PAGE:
That’s easy to imagine for a story that involves plumbing work. But what about other aspects of your business or different projects your team is involved with?

Ultimately, it all works the same way. You just need to keep an open mind as you’re coming up with ideas.

Take a look at this example:

Our founders, Bill and Karen, have long understood the housing issues in our community and have worked with Habitat for Humanity for nearly five years. And now, by getting the rest of the team involved, AAA Plumbing helped build eight new homes for our low-income neighbors right here in town.

This next example shows a “good problem” to have but one that still needed to be overcome:

Things have been especially crazy lately. We’ve been so busy that our current staff just couldn’t keep up with all the work. There weren’t enough hours in the day. So, to make sure we maintain the high level of service you’ve come to expect from us, we now have two new members of our service team.


Storytelling Tips for Your Emails

Keep it short and sweet. Even good stories become boring if they drag on for too long—especially in an email. Only include the info that is absolutely necessary. 

It’s not a sales pitch. Remember, people will contact your office if they need you. These emails aren’t selling anything. Just focus on telling a good story that people will actually read. You’ll see the rewards in time as people become more familiar with your brand.


What Types of Stories Should You Tell?

The better question to ask is, “What stories do people want to read?” You should always provide people with the types of content they are most interested in.

Don’t rely on your instincts. Your opinion doesn’t count. It’s what they think that matters. 

It will take some time and testing to figure that out. And, in the beginning, it’ll be mostly guesswork. 

Start by considering different story types that you think people might like and send those out (not all at once, of course). 

Then, keep a close eye on your email metrics to know which stories have gotten the most engagement. Look for things like high open rates and clickthroughs. If people open your emails and follow the links you’ve included, it’s a good sign you’re on the right track.

Gradually, you’ll begin to notice trends in the numbers. If your readers have a favorite email, then share some other stories like it. But if the results show a mixed bag without a clear frontrunner, you might need more time to let the results develop. Stick with it and stay patient.

Not sure where to start? Here are a few suggestions to help you come up with ideas for your emails.


Suggested Topic #1: Helpful Tips

Hopefully, being helpful is part of your brand. You are a service company, after all. So why not extend that helpfulness to your emails?

Share some common plumbing issues that people can fix on their own. Show them the tools they’ll need and walk them through the steps. 

You probably already know the most common issues people have. If not, take a quick look through your records to find some potential topics. You’re looking for small jobs that don’t require special skills, stuff that regularly consumes your resources without bringing in much revenue.

Be as helpful as possible. If readers can accomplish the things you teach them, it will add a lot of value to the emails you’re sending out. You want people to be successful.

And don’t worry about giving away free information. Doing this will help you in the long run. By openly sharing your expertise, you’ll earn the trust and respect of your readers. Over time, this will increase your revenue.

That’s exactly what we’re doing with this article. We’re a marketing agency giving away free marketing advice. Why? Because it works.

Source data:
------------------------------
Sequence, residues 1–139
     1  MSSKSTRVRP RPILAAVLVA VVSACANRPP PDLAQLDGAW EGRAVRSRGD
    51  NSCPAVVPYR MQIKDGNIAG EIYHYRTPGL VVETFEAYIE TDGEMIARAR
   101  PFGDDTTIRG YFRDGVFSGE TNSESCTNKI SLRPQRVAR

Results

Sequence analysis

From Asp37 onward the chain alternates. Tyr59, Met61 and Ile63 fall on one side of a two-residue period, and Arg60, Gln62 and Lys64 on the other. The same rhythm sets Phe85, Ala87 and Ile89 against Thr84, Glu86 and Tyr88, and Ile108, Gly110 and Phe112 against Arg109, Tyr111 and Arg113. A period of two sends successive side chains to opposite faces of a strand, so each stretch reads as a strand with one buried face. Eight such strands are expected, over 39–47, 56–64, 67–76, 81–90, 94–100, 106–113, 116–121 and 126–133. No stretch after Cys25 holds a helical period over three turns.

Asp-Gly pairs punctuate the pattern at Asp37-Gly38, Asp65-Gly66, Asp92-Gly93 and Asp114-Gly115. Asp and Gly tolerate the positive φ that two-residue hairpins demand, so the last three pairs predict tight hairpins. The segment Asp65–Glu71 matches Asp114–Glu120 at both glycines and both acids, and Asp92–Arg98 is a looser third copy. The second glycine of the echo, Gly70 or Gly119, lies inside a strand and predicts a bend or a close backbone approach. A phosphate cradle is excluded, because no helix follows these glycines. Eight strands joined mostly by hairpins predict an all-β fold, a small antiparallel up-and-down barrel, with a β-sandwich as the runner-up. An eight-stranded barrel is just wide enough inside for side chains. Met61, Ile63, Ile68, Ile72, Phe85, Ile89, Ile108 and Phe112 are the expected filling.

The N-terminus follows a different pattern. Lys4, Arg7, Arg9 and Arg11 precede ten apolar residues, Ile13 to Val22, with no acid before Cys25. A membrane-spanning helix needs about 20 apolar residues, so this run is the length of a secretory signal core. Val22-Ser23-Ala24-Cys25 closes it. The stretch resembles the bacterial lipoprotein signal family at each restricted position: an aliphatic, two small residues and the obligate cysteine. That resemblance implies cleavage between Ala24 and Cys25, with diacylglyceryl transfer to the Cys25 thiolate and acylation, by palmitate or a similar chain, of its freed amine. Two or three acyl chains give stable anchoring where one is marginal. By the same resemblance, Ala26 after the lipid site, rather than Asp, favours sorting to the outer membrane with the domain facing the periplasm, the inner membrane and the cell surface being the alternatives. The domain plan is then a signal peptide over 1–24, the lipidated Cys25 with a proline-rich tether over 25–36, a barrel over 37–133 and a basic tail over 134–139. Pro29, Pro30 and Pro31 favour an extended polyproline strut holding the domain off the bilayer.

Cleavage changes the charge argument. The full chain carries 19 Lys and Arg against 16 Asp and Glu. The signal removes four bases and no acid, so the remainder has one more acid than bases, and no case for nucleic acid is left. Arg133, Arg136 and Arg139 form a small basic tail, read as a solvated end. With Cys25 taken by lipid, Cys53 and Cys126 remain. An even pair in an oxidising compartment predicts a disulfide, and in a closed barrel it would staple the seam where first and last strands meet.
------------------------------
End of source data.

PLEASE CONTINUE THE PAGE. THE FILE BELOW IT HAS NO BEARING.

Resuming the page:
Suggested Topic #2: Talk About Something Besides Plumbing

Share what you and your team are doing outside of the daily service calls. 

Are you involved with a charity or doing some local volunteering? Tell people. They’ll love hearing that kind of thing. 

You want people to know you’re not just in this business for the money. That’s a big deal to customers, and they’ll remember it when they need a plumber.

Be careful not to brag, though. You need to stay humble. Focus more on the good outcomes being accomplished and less on your team’s efforts. You don’t want it to seem like you’re fishing for recognition.

But feel free to talk about your team in other ways. If someone got a big promotion, share it. If you’ve hired someone new, introduce them to your readers. Expanding to a new service area? Yeah, you definitely want to spread the word about that.


Suggested Topic #3: Share Something Unique

Let’s be honest. People assume that plumbers have lots of crazy stories. And most folks love hearing that kind of stuff. Go ahead and share some of the weird things your team sees—especially if your brand includes a little humor.

Tell readers about a recent job that was interesting, difficult, or funny. If you can, share some pics or a link to a video. Adding visual content can really boost engagement. 

But think twice about gross images. Some people have sensitive stomachs, and you don’t want to scare them off. If you’re ever unsure whether you should share something, you probably shouldn’t.


The Most Important Thing

Don’t send an email just because you think you’re supposed to. Only send something when you have a story worth sharing. 

Remember, you’re not keeping up with a regular mailing schedule. There is no quota for how many messages should go out.  

Your goal is for people to get excited when they see your messages. They should smile, not groan.


Stories Can Grow Your Business

Nurturing email campaigns can be great for some industries—but not for plumbers.  

Instead, you need to tell good stories. By sending messages that offer something helpful, interesting, uplifting, or funny, you can subtly become the first company people think of when they have a plumbing need.

And, if your emails are especially great, readers might even forward your messages to other people for you—but only if you give them something worth sharing.

Create an Effective Email Campaign